Business Entity Considerations
After yesterday's events, I feel like I need some time away in the mountains. I fear it's only going to get worse. Maybe even wind up with President Joe Biden getting assassinated.
Geez, people, settle down.
Anyway, you didn't come here for politics and I'm not really enjoying writing about it here. Presumably, you're here to learn about marketing, technology, and running a business.
So that's what we'll talk about today. Pick one. Go ahead, pick one.
Okay, good choice.
Running a business is serious stuff. It's not for the faint-of-heart. If THIS is your business, you know right now, especially after the tumultuous year 2020 was, that a LOT can go haywire and you need to get your ducks in a row at lightspeed.
I'm not here to give you legal advice. Find a lawyer or Legal Zoom to do that. There are many ways to set up a small business entity, from a legal entity standpoint, but there are three basic ways:
- Sole proprietor
- Limited Liability Company
As I said earlier, I'm not going to give you legal advice. I will tell you the easiest one to set up is a sole proprietorship. You really don't need to do much. You may have to file for a fictitious business name. Then you track everything as an individual would.
From my non-legal perspective, this is the ONLY business I want to run. I've had a corporation and it was a pain in the ass. It was also fairly costly and was bogged down by red tape and taxes (great name for a country band).
When I was getting my MBA, I had a professor who swore by LLCs. He said they were easier to set and administer (compared to a corporation) and just slightly more difficult than a sole proprietorship, with the added and important benefit of insulating you personally from legal liability for some things.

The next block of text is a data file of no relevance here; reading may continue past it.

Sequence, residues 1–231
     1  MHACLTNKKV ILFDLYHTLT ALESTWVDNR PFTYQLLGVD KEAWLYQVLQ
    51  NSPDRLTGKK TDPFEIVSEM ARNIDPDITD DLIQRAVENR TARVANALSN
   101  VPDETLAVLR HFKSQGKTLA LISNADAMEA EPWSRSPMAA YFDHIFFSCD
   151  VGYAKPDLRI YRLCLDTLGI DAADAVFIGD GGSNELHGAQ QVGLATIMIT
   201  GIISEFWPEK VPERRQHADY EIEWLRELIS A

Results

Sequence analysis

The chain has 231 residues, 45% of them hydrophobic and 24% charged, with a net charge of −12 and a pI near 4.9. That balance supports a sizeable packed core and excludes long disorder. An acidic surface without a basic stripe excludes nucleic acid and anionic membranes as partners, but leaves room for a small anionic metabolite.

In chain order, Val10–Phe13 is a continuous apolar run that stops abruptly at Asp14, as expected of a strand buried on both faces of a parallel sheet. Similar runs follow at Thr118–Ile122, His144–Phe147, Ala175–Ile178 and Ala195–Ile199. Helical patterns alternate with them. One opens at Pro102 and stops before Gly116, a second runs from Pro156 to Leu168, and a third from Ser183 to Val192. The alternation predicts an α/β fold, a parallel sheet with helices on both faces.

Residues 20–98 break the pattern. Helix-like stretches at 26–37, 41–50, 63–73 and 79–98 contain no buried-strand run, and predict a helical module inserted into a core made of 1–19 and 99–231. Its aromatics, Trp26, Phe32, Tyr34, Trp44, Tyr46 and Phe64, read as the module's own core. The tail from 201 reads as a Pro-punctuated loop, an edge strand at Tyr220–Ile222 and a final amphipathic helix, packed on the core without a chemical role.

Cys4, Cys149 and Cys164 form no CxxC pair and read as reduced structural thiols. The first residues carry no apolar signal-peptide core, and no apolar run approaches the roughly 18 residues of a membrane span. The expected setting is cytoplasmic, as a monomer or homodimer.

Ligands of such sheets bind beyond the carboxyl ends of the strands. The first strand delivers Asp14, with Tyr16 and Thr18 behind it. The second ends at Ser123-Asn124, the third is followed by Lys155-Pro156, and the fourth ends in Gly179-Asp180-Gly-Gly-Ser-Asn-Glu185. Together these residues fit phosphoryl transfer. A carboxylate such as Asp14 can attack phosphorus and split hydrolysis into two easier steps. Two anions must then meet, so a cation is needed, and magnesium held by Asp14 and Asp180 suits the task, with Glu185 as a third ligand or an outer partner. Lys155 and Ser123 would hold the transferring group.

I don't know if that was true then, or now, so look into it yourself. It may be the “Goldilock's ‘just right'” solution.
I don't know.
Moving on…my new laptop arrived after taking a very circuitous journey around the globe. It started in China, hit Alaska, then California, then a couple states in the South, back to California (it missed the sunshine), and finally to Washington.
It's nice! The AMD processor seems to be far more powerful than the Intel i7 I have in my behemoth that I hated carrying around. It's a convertible (so can be a large tablet) with a touchscreen, SSD “hard drive,” and 16MB of RAM.
It's certainly no gaming laptop or business workhorse, but I didn't need or want either. It came in at an awesome price point and it's fully capable (and then some) of running everything I want it to run.
So I'm happy with it so far.
I was going to get the top of the line Google Pixelbook Go. It specs out nearly the same as my HP but with a 13.3-inch screen instead of the 15.6-inch I got. Mine folds into a tablet; I don't think the Pixelbook Go does. The Pixelbook's battery runs longer (up to 12 hours!) whereas the HP Envy may be lucky to get half that.
The Google product may have a better camera, but I really don't care.
Oh, and my HP was less than half the price.
Always buy what you need. Nothing more. Nothing less.
Do these two stories relate in any way? Yes.
Get what you need. Not a bit more and certainly not less.
Keep that in mind when you set up your business entity and when buying equipment.